ANDREW WAKEFIELD AND THE MMR AUTISM FRAUD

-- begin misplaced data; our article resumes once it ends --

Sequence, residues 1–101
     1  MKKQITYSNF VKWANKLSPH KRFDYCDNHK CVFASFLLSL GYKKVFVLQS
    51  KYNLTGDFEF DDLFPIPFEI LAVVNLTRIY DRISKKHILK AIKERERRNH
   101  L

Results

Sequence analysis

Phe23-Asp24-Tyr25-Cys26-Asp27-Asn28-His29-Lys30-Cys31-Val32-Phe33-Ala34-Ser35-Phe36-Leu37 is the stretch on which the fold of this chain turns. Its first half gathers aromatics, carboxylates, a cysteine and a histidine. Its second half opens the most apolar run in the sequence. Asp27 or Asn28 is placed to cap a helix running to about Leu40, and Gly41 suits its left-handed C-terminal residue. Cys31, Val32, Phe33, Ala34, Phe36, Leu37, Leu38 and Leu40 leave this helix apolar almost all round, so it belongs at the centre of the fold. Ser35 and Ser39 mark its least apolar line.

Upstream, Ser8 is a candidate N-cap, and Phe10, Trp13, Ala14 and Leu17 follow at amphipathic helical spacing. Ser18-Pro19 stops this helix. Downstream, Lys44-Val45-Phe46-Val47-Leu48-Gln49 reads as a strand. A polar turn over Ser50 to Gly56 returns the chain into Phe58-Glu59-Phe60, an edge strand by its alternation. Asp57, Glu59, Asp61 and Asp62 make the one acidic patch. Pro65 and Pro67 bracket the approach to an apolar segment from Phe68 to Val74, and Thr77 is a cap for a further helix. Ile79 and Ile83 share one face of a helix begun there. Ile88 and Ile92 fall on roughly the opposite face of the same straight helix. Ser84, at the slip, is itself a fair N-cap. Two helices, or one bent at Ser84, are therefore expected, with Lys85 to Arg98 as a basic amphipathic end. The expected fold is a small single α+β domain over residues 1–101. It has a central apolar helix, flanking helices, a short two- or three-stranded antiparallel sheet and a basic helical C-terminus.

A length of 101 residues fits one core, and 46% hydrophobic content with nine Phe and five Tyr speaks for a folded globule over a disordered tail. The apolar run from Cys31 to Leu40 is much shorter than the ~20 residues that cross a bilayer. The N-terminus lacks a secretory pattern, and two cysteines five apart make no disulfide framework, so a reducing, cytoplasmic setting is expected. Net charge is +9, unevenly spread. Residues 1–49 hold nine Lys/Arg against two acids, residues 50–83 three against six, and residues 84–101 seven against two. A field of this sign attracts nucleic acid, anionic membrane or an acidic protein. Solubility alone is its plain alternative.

In February 1998, Dr. Andrew Wakefield, a British gastroenterologist, published a research paper in which he linked autism and bowel disease to the measles, mumps, and rubella (MMR) vaccine – creating a public health crisis in England and raising questions about vaccine safety in North America. Additional studies have since shown that the data presented was fraudulent, and after ten years of controversy and investigation, Dr. Wakefield was discredited, his licence revoked and his research discarded. The damage, however, had been done – vaccination rates in the industrialized world are down to such an extent that it has brought back diseases that have not been seen for decades. The article in the British medical journal The Lancet claimed that the three-in-one measles, mumps and rubella vaccine (MMR) was causing inflammatory bowel syndrome and brain damage in children. The five-page paper, which was backed by a press conference, provoked substantial media interest. Dr. Wakefield reported on twelve cases of children with what he called “regressive autism”, who had been admitted to the Royal Free Hospital in Hampstead (London) between July 1996 and February 1997, all within 14 days of receiving the MMR vaccine. These previously healthy children, the study claimed, suddenly lost basic language and communication skills. Wakefield theorized that the three vaccines, given together, can alter a child’s immune system, allowing the measles virus in the vaccine to infiltrate the intestines; certain proteins, escaping from the intestines, could then reach and harm neurons in the brain. "It's a moral issue for me," he announced at the 1998 press conference, where he advocated breaking up the triple MMR vaccine into single measles, mumps and rubella shots, to be given at yearly intervals. "I can't support the continued use of these three vaccines, given in combination," he said, "until this issue has been resolved." As the doctor...
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